By Eric Beasley
So aside from their asinine gun control legislation and attempt to reroute all transportation funds to Democrat counties, the lawmakers down in Annapolis have found a new way to take money out of our pockets. Specifically, pockets that have a lithium-ion battery and a small tank filled with propylene glycol and pharmaceutical-grade nicotine. That’s right, an e-cig tax.
The bill, HB 861, would essentially tax e-cigarettes and vaping devices the same way as traditional tobacco products. From the proposed bill:
The tobacco AND ELECTRONIC SMOKING DEVICE tax rate for cigarettes is:
(1) $1.00 for each package of 10 or fewer cigarettes;
(2) $2.00 for each package of at least 11 and not more than 20 cigarettes;
(3) 10.0 cents for each cigarette in a package of more than 20 cigarettes;
(4) 10.0 cents for each cigarette in a package of free sample cigarettes.
(b) (1) Except as provided in paragraph (2) of this subsection, the tobacco AND ELECTRONIC SMOKING DEVICE tax rate for other tobacco products is 30% of the wholesale price of the tobacco products.
This bill was so bad that the sponsor and supporters of the bill even admitted to it during the hearings. From Gregory Conley:
Side Note: This is why I look forward to live streaming of hearings in Annapolis.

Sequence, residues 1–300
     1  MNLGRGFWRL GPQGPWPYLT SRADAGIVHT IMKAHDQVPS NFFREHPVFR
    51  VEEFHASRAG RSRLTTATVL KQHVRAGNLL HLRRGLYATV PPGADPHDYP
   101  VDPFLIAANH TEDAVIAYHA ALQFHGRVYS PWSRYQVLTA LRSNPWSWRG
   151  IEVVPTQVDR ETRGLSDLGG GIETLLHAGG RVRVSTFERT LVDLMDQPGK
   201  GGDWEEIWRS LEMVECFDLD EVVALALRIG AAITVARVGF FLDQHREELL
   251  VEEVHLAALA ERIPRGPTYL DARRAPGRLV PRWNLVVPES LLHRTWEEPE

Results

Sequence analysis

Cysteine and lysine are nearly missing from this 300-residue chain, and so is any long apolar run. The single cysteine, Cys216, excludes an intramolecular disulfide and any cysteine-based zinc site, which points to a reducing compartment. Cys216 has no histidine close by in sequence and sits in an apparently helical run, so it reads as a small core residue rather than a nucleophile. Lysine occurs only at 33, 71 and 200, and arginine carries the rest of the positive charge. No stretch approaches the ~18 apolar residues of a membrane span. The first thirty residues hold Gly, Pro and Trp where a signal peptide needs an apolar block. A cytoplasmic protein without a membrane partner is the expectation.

So why was this bill so poorly written? Just look at the tax structure. When you purchase liquid for an e-cigarette, you purchase a bottle of fluid to fill the tank. These bottles generally come in 15 and 30 milliliter sizes. These bottles have varying nicotine concentrations: 0, 3, 6, 12, 18, and 24 milligrams. The best estimates I have seen are that a regular cigarette contains about 1.5 milligrams of nicotine. There is no simple way to translate fluid volume to correspond to an individual cigarette.
Do you use nicotine levels to determine the tax rate? Do you use the fluid volume? Do you use how many potential inhalations of the bottle? Of course, the bill is silent on these issues. Perhaps it was too hard for them to figure out? Or maybe, Annapolis just thought up a new way to take money out of your pocket and didn’t want to get mucked down in the “details” and “facts.”
Let me tell you, I smoked for over 9 years. I had my first cigarette after a rough day on tower guard in Iraq. I would have preferred a beer, but this wasn’t Vietnam.
Many years later, my primary care doctor recommended that I try vaping. I finally gave it a shot over a year ago. I completely quit smoking cigarettes this last summer, replacing it with an electronic device. Smoker’s cough? Gone. Snoring? Gone. The ability to breath clearly? Restored.
If anything, legislative bodies should be promoting the transition of smokers to e-cigarettes. I have witnessed first-hand the health improvements from replacing incendiary cigarettes with an e-cigarette and if anything, their use should be promoted as a smoking alternative.
I know there are a few lawmakers (you know who you are) that also use e-cigarettes and I hope they are ready to stop this bill. Serious kudos to any legislator that pulls a Representative Duncan Hunter and vapes during discussions of this bill.